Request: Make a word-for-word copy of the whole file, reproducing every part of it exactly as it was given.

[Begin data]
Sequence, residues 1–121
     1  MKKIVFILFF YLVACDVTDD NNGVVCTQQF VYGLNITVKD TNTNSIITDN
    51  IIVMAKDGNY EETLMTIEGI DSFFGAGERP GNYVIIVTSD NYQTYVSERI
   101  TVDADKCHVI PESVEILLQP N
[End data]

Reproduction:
Sequence, residues 1–121
     1  MKKIVFILFF YLVACDVTDD NNGVVCTQQF VYGLNITVKD TNTNSIITDN
    51  IIVMAKDGNY EETLMTIEGI DSFFGAGERP GNYVIIVTSD NYQTYVSERI
   101  TVDADKCHVI PESVEILLQP N